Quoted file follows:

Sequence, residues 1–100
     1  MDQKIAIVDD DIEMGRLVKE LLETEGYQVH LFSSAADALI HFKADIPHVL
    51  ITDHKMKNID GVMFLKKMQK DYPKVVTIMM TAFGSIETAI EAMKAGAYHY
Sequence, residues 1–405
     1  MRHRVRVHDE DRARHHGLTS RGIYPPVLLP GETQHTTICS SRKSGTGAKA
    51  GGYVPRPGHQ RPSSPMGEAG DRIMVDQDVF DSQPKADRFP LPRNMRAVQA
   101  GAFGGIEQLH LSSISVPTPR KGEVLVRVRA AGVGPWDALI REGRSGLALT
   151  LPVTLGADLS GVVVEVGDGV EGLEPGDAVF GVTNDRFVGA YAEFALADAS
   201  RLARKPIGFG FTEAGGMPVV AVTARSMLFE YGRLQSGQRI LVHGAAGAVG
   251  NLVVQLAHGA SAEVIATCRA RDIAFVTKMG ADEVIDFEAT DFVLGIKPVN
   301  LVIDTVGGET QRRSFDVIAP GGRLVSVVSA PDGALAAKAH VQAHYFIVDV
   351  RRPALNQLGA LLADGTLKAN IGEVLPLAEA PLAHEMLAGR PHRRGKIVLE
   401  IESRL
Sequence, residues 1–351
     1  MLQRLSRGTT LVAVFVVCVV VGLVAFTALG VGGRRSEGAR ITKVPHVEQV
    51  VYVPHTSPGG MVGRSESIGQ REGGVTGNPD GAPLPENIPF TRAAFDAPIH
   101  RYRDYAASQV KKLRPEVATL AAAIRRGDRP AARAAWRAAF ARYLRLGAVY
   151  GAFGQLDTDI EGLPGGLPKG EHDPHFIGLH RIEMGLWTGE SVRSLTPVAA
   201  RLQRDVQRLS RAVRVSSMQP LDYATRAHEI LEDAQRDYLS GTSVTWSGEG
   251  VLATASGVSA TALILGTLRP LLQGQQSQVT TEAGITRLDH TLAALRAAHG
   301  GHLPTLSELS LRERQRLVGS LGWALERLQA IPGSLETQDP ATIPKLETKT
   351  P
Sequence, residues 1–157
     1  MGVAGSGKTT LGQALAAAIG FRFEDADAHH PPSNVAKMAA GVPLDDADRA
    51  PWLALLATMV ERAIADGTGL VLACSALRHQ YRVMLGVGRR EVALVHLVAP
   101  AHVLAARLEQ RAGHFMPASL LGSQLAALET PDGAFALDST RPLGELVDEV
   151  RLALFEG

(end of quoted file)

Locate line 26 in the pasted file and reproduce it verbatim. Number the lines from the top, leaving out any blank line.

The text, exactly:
   101  AHVLAARLEQ RAGHFMPASL LGSQLAALET PDGAFALDST RPLGELVDEV